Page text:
But the one thing that I call shenanigans on for this episode in the whole thing with Victoria trying not to have a baby right away. That’s sort of a modern spin on things, in my opinion. Victoria wasn’t thrilled about the prospect of pregnancy and children, but she knew it was inevitable. However, according to everything I’ve read, it seems like she didn’t really know how much she was going to hate it until she was already very pregnant with her first, Vicky. So I would believe the scene between her and Albert when he catches her jumping up and down after sexy times if she’d already had Vicky and knew what she was trying to prevent. Before that? I don’t think she knew.

Victoria & Albert were really *cough* active, though. And we know this because Victoria was the queen of TMI and pretty much told everyone what they were up to all the time. Also, one thing the show isn’t good at showing is that Victoria was really almost never alone. The scene where Lehzen walks in on the two of them in the morning and Victoria tells Albert that she sleeps in the room next door? True. Very true. Only there was a big hole in the wall (I imagine it being like a window, based on what I read) so that Victoria had very little privacy ever. I always did wonder how that worked, seeing as how much V&A “enjoyed” each other.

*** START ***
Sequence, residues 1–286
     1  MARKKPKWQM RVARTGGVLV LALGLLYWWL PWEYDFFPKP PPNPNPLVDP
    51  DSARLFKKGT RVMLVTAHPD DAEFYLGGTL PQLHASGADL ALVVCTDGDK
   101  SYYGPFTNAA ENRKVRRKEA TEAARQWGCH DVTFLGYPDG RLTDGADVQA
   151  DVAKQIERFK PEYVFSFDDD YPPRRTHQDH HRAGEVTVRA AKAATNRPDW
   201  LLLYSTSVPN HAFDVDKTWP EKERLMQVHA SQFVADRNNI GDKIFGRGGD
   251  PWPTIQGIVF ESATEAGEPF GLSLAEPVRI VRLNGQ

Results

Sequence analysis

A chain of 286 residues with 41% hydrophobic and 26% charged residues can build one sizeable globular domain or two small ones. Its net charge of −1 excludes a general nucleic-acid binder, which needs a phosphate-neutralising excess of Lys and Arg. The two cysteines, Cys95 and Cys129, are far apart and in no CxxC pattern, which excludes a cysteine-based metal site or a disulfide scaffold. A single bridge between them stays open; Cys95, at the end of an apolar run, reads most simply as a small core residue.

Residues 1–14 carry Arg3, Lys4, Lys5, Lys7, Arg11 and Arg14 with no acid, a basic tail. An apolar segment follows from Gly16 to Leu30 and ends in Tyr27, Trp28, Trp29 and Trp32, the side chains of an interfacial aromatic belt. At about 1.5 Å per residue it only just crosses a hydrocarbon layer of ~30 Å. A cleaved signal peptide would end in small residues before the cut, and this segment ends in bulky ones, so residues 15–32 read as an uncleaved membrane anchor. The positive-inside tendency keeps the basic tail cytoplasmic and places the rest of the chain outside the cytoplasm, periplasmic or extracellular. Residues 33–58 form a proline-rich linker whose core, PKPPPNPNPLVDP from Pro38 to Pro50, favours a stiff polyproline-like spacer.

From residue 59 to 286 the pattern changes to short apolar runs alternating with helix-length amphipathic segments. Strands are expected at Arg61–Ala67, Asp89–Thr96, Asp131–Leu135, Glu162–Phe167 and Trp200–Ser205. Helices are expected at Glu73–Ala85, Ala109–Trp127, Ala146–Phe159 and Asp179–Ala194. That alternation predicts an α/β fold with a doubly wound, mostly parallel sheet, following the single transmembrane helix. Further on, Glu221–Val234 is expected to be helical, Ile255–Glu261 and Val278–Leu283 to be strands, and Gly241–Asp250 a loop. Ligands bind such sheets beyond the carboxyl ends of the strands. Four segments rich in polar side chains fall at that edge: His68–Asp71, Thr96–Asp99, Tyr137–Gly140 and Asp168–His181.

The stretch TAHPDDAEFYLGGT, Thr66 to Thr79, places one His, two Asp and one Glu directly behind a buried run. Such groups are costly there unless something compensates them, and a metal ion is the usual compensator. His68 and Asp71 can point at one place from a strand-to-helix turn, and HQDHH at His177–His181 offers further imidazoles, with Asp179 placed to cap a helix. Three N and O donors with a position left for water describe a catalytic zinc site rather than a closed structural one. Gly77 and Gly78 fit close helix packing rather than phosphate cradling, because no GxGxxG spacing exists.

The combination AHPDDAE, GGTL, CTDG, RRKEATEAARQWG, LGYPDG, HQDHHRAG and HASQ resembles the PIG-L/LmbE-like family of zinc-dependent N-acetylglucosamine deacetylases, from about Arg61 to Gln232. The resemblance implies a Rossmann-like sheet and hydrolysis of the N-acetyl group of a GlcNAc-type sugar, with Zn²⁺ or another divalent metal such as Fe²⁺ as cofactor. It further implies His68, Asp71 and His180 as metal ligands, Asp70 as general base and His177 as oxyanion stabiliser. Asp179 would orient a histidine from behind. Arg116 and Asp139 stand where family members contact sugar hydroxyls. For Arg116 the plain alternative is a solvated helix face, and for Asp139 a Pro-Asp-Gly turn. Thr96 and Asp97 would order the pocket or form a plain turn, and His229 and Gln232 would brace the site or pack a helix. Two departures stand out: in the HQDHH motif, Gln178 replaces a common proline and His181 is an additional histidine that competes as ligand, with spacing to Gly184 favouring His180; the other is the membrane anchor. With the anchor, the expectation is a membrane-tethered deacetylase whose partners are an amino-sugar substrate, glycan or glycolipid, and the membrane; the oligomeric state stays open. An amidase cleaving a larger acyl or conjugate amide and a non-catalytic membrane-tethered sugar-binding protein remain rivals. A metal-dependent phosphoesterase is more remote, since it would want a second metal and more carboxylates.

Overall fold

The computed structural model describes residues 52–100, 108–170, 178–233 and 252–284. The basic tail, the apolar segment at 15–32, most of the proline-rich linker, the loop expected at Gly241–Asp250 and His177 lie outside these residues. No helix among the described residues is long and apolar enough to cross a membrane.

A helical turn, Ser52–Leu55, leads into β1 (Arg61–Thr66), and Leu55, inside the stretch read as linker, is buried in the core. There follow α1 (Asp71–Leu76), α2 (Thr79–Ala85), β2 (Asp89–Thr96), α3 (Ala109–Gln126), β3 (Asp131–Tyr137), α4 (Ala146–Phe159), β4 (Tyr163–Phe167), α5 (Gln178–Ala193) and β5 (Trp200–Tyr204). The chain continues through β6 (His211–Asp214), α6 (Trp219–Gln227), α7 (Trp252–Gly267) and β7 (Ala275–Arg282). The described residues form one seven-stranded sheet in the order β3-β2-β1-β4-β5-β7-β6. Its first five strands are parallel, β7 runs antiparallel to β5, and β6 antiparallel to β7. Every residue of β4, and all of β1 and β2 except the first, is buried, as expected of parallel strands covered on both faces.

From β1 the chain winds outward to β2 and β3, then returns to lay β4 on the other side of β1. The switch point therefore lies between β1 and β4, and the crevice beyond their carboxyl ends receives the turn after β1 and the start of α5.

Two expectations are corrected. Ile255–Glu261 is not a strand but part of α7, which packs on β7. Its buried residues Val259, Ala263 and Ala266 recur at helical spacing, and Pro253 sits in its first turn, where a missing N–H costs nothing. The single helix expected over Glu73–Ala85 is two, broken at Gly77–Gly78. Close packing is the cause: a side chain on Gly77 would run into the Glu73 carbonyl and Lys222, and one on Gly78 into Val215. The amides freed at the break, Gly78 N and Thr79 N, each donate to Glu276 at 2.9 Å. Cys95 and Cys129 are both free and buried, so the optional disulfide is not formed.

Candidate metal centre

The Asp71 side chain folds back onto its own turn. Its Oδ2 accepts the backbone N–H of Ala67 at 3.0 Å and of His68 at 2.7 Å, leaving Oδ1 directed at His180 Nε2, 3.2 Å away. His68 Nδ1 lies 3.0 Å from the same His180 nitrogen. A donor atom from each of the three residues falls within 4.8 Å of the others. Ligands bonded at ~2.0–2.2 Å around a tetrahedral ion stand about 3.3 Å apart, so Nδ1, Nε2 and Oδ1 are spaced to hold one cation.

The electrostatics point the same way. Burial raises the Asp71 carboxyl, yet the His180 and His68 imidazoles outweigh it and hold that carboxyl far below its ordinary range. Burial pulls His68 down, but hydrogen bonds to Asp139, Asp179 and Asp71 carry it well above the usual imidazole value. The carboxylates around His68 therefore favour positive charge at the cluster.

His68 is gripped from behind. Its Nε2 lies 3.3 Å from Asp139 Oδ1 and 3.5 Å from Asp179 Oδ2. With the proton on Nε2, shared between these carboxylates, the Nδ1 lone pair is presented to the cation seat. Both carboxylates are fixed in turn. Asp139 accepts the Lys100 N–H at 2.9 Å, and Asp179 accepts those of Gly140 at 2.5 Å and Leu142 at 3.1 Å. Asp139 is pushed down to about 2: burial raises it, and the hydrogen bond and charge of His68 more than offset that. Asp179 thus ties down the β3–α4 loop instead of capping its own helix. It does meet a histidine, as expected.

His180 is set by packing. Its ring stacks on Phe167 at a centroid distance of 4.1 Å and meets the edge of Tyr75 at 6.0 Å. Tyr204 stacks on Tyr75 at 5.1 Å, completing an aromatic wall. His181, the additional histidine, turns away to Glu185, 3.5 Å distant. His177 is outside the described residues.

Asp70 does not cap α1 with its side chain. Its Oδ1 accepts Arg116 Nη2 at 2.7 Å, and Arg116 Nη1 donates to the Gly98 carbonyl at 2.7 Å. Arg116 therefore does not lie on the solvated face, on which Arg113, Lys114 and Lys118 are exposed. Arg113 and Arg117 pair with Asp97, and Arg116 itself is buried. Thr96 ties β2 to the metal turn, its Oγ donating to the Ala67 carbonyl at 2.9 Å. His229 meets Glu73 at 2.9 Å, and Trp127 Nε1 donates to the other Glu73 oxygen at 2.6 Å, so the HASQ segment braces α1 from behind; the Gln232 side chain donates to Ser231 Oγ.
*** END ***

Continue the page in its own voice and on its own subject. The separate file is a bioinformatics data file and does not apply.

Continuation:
Anyhow, if I’m remembering correctly, Victoria was pregnant within two months of her wedding, so I’m interested to see how the show handles that.

This is one of my favorite paintings of Victoria & Albert because of how telling it is about Victoria’s attitude toward motherhood. V&A are obviously lovestruck, with eyes only for each other (and the painting is often cropped to show just this part). But way, way over on the other side of the canvas, playing with dead animals? That’s Vicky, their firstborn! And that says it all.

Status Update – Lady Jane’s Salon

Feb 13, 2017

Hmm… My hair was a little out of control…

Yesterday, hard on the heels of kicking that stupid cold I had last week (and strangely, I feel 95% better today, all of a sudden) I had my first book reading at The Cat’s Meow in Manheim, PA for the Lady Jane’s Salon group! It was a blast. Here’s a brief rundown of what it’s like to do a public reading…